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Games Health J. 2013 Aug;2(4):213-21. doi: 10.1089/g4h.2013.0018. Epub 2013 Jul 19.

Adapting a Videogame to the Needs of Pediatric Cancer Patients and Survivors.

Author information

1
1 Department of Pediatrics, USDA/ARS Children's Nutrition Research Center , Baylor College of Medicine, Houston, Texas.
2
2 Pediatrics Research, Children's Cancer Hospital, University of Texas M.D. Anderson Cancer Center , Houston, Texas.
3
3 Division of Pediatrics, Children's Cancer Hospital, University of Texas M.D. Anderson Cancer Center , Houston, Texas.
4
4 Archimage, Houston , Texas.
5
5 The University of Texas Graduate School of Biomedical Sciences at Houston , Houston, Texas.

Abstract

OBJECTIVE:

This study assessed whether two serious videogames, "Escape from Diab" (Diab) and "Nanoswarm: Invasion from Inner Space" (Nano) (both from Archimage, Inc., Houston, TX) shown to effect change in healthy children's diet and possibly physical activity are acceptable for obesity prevention among pediatric cancer patients and survivors at high risk of obesity.

PATIENTS AND METHODS:

Pediatric (9-12-year-old) cancer patients and survivors (n=28) were randomly assigned to one of three groups: Group A, watched film adaptations of both game stories and played the first two episodes of each game; Group B, played all of Diab; or Group C, played all of Nano. Qualitative interviews about what the children liked and didn't like and what should be changed were conducted midway and at the end of each group's participation. Data were analyzed using thematic analysis.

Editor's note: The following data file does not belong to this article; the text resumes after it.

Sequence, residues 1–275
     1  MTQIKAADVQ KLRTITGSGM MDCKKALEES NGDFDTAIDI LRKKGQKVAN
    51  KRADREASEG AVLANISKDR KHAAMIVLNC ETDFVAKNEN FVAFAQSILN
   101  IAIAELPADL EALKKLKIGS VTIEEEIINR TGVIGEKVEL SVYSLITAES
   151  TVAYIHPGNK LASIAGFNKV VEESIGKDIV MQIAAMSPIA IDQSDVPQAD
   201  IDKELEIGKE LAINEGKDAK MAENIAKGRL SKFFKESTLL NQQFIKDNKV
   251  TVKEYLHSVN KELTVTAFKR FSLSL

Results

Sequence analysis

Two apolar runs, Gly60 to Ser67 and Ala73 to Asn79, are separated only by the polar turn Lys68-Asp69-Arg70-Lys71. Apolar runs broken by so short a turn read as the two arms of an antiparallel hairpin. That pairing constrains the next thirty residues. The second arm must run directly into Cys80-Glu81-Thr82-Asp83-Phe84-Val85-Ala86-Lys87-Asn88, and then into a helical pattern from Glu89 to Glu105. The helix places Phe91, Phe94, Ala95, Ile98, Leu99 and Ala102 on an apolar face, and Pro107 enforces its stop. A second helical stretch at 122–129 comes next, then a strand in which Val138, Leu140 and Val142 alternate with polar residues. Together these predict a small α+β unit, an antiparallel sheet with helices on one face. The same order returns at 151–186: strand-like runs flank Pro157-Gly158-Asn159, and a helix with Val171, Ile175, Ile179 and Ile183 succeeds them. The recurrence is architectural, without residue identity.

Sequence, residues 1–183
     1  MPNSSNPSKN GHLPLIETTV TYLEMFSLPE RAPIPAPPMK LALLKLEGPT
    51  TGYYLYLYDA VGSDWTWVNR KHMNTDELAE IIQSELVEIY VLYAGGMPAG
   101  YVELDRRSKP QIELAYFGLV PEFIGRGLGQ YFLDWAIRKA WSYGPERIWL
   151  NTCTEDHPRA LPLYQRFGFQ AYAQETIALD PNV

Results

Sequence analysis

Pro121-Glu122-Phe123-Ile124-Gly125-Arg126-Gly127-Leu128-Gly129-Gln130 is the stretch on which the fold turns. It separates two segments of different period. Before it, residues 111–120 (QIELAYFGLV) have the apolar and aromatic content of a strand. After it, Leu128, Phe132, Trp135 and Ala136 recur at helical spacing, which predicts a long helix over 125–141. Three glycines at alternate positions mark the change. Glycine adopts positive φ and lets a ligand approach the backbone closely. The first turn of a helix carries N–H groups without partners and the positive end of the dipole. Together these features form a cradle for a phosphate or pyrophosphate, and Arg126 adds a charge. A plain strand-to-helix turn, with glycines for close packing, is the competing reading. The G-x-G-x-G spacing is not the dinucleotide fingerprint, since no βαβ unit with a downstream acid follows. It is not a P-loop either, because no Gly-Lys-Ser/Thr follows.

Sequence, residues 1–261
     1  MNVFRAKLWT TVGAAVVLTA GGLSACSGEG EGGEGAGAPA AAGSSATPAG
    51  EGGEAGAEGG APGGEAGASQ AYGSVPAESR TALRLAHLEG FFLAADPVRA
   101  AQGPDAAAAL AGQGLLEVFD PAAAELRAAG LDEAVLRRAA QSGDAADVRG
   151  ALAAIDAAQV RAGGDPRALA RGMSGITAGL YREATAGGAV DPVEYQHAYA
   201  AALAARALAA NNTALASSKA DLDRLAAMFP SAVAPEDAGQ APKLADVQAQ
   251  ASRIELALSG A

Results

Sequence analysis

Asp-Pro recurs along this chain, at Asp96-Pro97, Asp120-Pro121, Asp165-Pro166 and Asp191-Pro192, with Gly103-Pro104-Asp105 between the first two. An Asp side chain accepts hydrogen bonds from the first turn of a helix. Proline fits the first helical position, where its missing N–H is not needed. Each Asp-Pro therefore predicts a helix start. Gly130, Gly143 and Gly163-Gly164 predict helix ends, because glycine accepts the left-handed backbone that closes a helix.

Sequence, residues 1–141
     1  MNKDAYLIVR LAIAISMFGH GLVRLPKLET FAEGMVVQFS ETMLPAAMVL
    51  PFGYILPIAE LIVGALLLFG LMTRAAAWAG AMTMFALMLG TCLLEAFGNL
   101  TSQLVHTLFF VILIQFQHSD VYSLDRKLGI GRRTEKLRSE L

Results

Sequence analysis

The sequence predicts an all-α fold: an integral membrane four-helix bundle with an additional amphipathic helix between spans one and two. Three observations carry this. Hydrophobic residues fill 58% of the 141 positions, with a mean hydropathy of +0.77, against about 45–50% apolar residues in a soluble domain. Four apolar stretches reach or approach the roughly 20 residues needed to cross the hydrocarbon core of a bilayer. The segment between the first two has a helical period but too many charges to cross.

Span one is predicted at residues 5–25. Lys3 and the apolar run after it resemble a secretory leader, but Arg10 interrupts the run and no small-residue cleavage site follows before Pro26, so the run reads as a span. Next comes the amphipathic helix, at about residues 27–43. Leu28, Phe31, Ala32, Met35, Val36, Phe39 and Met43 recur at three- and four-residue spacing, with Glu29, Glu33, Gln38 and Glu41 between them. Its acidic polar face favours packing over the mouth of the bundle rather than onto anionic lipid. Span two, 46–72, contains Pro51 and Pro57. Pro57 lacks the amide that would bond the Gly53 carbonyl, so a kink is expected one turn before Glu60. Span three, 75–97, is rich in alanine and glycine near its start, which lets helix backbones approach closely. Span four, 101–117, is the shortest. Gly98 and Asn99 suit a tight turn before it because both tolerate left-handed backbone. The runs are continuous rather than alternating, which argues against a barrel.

RESULTS:

Pediatric cancer patients and survivors enjoyed playing both games. Two themes emerged to guide future modifications of the game: Three patients reported difficulty with the energy balance and meal selection portion of Nano, and four patients stated endings showing a character dying made them sad.

CONCLUSIONS:

Two serious videogames designed to promote healthier diet and increased physical activity among healthy children were also found to be acceptable by pediatric cancer patients and survivors. Easier options needed to be programmed into energy balance games in Nano. To avoid possible emotional reactions, such as sadness, Nano's ending will be revised so that a character does not die from his affliction. Minor changes will be made in other gameplay mechanics and storylines to meet target audience needs and preferences.

PMID:
26192225
DOI:
10.1089/g4h.2013.0018

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